Originally aimed at the gaming market, IBM, Toshiba and Sony have introduced the Cell Broadband Engine (CBE) processor, often considered as a multicomputer on a chip. Clocked at 3 GHz, the Cell allows for a theoretical performance of 192 GFlops and a peak data transfer rate over the internal bus of 200 GB/s. This performance indeed makes the Cell a very attractive architecture for implementing tomographic image reconstruction algorithms.
In this study, we investigate the relative performance of a perspective backprojection algorithm when implemented on a standard PC and on the Cell processor. We compare these results to the performance achievable with FPGAs based boards and high end GPUs.
The cone-beam backprojection performance was assessed by backprojecting a full circle scan of 512 projections of 1024x1024 pixels into a volume of size 512x512x512 voxels. It took 3.2 minutes on the PC (single CPU) and is as fast as 13.6 seconds on the Cell.
Tomographic image reconstruction, such as the reconstruction of CT projection values, of tomosynthesis data,
PET or SPECT events, is computational very demanding. In filtered backprojection as well as in iterative
reconstruction schemes, the most time-consuming steps are forward- and backprojection which are often limited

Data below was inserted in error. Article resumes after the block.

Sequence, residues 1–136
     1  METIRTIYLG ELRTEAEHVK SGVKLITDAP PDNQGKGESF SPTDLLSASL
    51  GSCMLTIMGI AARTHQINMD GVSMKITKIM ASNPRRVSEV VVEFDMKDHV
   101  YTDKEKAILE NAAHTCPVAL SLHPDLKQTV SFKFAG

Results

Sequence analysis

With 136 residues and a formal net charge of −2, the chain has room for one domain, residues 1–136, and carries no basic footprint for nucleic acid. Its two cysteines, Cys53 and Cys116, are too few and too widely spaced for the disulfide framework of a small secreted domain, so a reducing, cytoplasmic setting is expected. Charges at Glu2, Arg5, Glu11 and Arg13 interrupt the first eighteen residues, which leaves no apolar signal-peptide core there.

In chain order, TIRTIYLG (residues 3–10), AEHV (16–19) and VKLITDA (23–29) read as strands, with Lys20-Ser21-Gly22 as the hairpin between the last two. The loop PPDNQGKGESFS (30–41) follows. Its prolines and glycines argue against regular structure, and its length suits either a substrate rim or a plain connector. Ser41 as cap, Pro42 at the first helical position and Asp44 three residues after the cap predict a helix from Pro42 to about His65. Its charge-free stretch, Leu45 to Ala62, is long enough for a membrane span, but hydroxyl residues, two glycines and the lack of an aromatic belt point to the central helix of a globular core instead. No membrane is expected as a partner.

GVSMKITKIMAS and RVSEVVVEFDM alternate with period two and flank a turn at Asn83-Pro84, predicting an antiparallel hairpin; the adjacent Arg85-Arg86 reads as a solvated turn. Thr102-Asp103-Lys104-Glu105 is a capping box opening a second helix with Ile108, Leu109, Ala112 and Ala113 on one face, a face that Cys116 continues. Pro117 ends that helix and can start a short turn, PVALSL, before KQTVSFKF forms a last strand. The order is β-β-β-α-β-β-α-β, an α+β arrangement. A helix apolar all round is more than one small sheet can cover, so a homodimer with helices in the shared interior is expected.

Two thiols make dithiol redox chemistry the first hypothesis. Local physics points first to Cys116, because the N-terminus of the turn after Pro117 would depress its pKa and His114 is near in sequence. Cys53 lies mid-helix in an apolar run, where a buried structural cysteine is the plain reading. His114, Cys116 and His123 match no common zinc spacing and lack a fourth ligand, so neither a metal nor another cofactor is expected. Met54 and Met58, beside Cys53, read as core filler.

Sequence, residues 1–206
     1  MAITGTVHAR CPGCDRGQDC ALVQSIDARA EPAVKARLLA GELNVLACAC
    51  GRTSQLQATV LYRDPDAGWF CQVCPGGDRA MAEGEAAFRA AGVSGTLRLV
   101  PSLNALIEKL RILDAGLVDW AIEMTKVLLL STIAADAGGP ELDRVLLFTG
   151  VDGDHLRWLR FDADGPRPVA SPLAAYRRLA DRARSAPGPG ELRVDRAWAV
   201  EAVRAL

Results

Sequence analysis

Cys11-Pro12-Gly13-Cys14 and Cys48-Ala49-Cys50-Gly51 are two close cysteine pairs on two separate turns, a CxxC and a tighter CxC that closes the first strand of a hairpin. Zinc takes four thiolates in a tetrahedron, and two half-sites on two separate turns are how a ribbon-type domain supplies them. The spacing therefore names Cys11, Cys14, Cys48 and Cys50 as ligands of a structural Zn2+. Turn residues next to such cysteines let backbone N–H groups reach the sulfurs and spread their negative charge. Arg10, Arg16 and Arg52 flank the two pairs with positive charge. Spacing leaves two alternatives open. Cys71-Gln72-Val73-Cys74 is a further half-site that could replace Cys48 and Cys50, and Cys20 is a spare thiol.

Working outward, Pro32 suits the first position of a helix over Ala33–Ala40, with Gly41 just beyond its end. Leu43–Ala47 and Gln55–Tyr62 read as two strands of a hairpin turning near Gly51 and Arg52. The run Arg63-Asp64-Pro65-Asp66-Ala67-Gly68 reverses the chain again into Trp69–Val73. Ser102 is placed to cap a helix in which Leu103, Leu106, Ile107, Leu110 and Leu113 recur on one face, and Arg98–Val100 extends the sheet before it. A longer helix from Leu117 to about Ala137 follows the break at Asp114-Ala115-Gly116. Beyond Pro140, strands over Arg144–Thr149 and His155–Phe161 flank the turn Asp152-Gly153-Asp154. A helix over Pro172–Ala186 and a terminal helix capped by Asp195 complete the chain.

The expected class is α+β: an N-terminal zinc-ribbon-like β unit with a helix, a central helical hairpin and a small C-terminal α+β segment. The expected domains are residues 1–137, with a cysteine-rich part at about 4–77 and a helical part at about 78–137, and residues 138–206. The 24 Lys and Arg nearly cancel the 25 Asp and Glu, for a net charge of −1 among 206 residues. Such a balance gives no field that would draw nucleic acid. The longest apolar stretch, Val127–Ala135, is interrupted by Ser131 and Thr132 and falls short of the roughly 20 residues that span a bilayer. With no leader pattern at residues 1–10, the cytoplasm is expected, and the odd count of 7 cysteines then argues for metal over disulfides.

by the memory bandwidth.
Recently, a novel general purpose architecture optimized for distributed computing became available: the
Cell Broadband Engine (CBE). Its eight synergistic processing elements (SPEs) currently allow for a theoretical
performance of 192 GFlops (3 GHz, 8 units, 4 floats per vector, 2 instructions, multiply and add, per clock).
To maximize image reconstruction speed we modified our parallel-beam and perspective backprojection
algorithms which are highly optimized for standard PCs, and optimized the code for the CBE processor.<sup>1-3</sup> In
addition, we implemented an optimized perspective forwardprojection on the CBE which allows us to perform
statistical image reconstructions like the ordered subset convex (OSC) algorithm.<sup>4</sup>
Performance was measured using simulated data with 512 projections per rotation and 512<sup>2</sup> detector elements.
The data were backprojected into an image of 512<sup>3</sup> voxels using our PC-based approaches and the new CBE-
based algorithms. Both the PC and the CBE timings were scaled to a 3 GHz clock frequency.
On the CBE, we obtain total reconstruction times of 4.04 s for the parallel backprojection, 13.6 s for the
perspective backprojection and 192 s for a complete OSC reconstruction, consisting of one initial Feldkamp
reconstruction, followed by 4 OSC iterations.